Occasionally the present float valve may be inserted, at a point in a drilling string, .in a female threaded member facing upwards instead of downwards. case the counterbore'35 need not be stepped and a sleeve similar to that described in the foregoing paragraph may be used intermediate the sealing ring 30 and the cooperating male threaded connection.
In order to economize material, to reduce weight and to allow visual inspection of the valve .head 8 without dismantling the valve, longitudinally extending apertures 40 may be formed in the wall of the casing 1 intermediate the reinforcing members 14. .These apertures 40 also have the important effect of increasing the cross-sectional area for the passage of fluid through the casing 1 where the outside diameters of the valve stem guide 2v and. the valve head 8 are greatest.
Inoperation, the valve spring 13 urges the valve head 8 against the valve seat 22 so that the valve is normally closed. As mud is pumped down the drill pipe, itimpinges upon the upper side 11 of the valve head 8- and forces the valve open. As soon as pumping ceases and the pressure against the uppers-ide 11 of the valve head 8 eases, the valve spring 13 again urges the valvehead 8 against the valve seat 22. Thus areversal in the. flow of fluid in and around the drill pipe will merely tend to close the valve more tightly.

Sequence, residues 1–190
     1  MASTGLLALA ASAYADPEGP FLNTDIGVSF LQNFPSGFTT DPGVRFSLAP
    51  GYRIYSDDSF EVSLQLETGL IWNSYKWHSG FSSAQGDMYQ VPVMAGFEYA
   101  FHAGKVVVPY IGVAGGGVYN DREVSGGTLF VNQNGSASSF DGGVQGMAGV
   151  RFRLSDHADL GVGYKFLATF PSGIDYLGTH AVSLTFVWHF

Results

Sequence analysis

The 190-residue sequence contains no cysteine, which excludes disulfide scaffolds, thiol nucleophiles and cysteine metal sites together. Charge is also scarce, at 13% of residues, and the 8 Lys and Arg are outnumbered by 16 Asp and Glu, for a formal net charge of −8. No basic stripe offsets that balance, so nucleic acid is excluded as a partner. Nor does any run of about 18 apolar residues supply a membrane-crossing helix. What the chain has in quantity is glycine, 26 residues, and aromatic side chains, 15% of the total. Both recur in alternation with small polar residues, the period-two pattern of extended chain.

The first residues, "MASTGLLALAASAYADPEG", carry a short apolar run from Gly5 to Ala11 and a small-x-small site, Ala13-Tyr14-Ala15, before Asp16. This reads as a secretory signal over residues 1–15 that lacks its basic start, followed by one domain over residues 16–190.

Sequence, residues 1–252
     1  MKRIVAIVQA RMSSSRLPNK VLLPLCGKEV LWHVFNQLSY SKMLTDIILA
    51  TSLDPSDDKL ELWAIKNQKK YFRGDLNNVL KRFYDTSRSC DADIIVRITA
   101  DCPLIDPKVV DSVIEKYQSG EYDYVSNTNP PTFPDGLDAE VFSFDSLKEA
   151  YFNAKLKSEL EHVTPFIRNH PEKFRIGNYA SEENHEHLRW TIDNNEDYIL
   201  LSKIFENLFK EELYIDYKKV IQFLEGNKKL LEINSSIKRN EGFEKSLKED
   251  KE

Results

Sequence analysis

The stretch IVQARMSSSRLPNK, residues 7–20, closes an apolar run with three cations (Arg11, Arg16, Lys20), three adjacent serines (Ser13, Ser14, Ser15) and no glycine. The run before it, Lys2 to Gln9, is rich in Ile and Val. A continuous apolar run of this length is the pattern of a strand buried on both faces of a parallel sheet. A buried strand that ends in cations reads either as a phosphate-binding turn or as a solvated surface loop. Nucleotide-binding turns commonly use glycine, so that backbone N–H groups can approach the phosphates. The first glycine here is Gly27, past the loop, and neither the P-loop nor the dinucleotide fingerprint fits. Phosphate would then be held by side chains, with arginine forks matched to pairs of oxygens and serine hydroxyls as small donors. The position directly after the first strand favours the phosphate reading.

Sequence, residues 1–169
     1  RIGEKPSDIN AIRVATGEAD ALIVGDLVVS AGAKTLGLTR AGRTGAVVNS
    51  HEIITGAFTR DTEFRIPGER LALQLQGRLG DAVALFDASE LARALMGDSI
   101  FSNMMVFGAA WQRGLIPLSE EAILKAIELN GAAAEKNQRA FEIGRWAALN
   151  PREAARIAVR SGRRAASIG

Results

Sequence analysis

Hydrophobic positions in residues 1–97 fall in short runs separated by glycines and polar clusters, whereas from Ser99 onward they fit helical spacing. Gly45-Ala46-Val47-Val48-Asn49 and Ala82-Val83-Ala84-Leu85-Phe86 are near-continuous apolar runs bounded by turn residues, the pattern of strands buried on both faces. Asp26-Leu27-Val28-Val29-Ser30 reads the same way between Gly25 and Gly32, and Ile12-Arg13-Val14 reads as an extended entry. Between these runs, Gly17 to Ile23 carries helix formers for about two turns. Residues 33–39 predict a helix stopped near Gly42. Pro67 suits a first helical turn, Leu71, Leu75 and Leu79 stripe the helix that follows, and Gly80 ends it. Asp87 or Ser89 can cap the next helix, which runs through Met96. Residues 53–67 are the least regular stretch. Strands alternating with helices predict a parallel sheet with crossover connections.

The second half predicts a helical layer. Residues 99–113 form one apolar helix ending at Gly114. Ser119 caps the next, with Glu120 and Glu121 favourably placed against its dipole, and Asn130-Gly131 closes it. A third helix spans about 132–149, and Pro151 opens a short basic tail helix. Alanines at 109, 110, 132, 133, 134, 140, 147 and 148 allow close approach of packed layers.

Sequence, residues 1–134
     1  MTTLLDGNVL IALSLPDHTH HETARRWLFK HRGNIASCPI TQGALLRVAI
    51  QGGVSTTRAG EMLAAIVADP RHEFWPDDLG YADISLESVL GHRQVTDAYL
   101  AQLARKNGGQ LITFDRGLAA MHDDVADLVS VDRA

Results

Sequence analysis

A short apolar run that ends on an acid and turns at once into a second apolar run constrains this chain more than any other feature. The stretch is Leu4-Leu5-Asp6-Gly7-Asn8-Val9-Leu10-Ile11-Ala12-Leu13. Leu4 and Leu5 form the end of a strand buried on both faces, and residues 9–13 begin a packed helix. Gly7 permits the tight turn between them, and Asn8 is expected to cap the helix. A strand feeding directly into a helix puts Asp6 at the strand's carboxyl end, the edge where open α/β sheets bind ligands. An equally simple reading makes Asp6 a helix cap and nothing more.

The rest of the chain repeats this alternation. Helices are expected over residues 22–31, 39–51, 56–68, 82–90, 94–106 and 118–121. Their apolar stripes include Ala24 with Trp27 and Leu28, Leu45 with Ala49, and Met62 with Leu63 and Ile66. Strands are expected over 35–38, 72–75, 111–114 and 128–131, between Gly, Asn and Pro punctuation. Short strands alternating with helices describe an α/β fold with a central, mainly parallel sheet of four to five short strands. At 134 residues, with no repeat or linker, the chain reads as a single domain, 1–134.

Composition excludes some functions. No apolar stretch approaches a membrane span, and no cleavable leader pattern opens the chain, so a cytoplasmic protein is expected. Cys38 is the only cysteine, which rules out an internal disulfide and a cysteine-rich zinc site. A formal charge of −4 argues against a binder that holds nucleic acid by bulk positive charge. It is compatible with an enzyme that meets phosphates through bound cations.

The principle cause of the reversal of flow of fluid, except when the pumps are operating, is that the drilling fluid in the'aunulus, between the drilling string and the wall of the hole, has a considerable specific gravity than the drilling fluid inside thedrillingstring. Thiscondition is created by the suspension of considerable quantities of particlesaof. the. formation which isbeing ground up by the drilling bit. Under the condition :where the drilling string is being run into the hole from the In such a i surface, the hole is normally full or nearly full of drilling fluid. Since the valve remains closed under these conditions, it prevents entry of the fluid which is already in the hole into the drilling string. This floats the drilling string into the hole with a resulting sizeable reduction in the weight which must be carried by the surface equipment. It is from this floating action that the term float valve is derived.